Criminal justice agencies across Cleveland will be better informed about how to prevent child sexual offences thanks to pioneering research funded by the Police and Crime Commissioner for Cleveland and the Big Lottery.
The research, called Motivations of Child Sexual Exploitation Offenders: Disrupt, Treat, Manage?, was completed by Barefoot Research and examines the backgrounds, motivations and approaches of offenders, as well identifying possible points of intervention.
The research has proved so ground breaking that over 200 delegates from across the country will attend a conference being held in Middlesbrough tomorrow (wed march 28) during which the findings will be shared and discussed.
During this initial study, Dr Christopher Hartworth and his team carried out a series of interviews with local male offenders who have been convicted of child sexual exploitation.
A number of themes emerged through the interviews and it is hoped this information can be used to shape future strategies to reduce offending and improve victim response.
Key findings highlight the need to introduce warnings on online portals such as dating sites to deter potential offenders and offer specialist support for those at risk of offending.
The research developed out of a realisation that little attempt had been made to consult with those who perpetrate exploitation, other than during police interviews, which may be a significant omission in efforts to address the crime and its effects.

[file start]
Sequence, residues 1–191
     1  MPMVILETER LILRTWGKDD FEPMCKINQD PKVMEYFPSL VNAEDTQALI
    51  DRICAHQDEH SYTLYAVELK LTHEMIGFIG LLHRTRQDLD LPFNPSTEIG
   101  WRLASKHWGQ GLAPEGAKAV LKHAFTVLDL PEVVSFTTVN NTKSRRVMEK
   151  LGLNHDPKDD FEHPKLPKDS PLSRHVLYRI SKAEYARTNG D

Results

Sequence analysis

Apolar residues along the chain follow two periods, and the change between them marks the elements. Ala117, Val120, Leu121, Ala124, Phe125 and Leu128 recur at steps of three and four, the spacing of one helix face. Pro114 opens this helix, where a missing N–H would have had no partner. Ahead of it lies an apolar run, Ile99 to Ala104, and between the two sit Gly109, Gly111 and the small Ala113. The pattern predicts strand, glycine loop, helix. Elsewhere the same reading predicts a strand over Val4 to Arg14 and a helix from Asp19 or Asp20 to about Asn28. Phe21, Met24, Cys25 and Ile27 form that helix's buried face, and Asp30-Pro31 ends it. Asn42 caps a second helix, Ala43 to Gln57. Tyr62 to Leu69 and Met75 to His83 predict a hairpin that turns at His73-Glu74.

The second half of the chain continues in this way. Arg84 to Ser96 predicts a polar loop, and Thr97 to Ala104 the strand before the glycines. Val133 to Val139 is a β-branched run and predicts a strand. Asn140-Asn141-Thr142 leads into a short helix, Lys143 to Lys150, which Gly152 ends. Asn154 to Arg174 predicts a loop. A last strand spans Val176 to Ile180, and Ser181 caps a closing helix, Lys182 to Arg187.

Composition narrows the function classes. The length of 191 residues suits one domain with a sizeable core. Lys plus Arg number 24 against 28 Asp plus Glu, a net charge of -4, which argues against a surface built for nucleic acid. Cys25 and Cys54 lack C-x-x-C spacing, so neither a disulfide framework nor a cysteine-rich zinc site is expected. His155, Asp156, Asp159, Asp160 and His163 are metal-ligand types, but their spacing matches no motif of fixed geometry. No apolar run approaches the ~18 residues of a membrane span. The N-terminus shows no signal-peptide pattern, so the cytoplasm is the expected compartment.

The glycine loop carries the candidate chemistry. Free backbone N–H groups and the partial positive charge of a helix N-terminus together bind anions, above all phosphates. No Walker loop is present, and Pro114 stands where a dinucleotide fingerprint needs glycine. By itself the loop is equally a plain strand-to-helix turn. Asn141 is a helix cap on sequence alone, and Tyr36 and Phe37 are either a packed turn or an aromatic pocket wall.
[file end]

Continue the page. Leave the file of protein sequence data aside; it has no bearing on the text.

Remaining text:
National interest in the findings of the study led to the conference being organised with representatives of police, probation and health services, local authorities, prisons, childrens services and the voluntary sector due to attend.
It is hoped this can lead to an expansion of the research beyond Cleveland, widening the sample size and including work on different types of exploitation.
Barry Coppinger, Police and Crime Commissioner for Cleveland, said: “Protecting the vulnerable is a central pillar of my police and crime plan and the force will leave no stone unturned in its determination to bring to justice anyone guilty of child sexual exploitation.
“At the same time it is important that we better understand why people offend in this way and what can be done to protect potential victims, prevent re-offending and deter others from going down this path.
“Already this ground breaking research has uncovered themes within offending that will prove extremely useful in tackling this issue in Cleveland. By sharing this information and hopefully widening this area of research we can help tackle this problem nationally.”
Director of Barefoot Research, Dr Christopher Hartworth, conducted the study and has hopes that it can be extended to neighbouring regions.
He said: “This research is ground-breaking, because when it began we were the only place in the UK trying to gather information from perpetrators to work out better ways to prevent and stop exploitation of children and young people.”
Nicky Harkin, Chief Executive of Arch North East, said: “I’m so pleased the PCC and the Big Lottery have funded this research. It will allow our service offer to be better informed and provide a reassurance to victims that what happened to them is absolutely not their fault.”
A full copy of the research can be downloaded from www.barefootresearch.org.uk
Posted on Wednesday 28th March 2018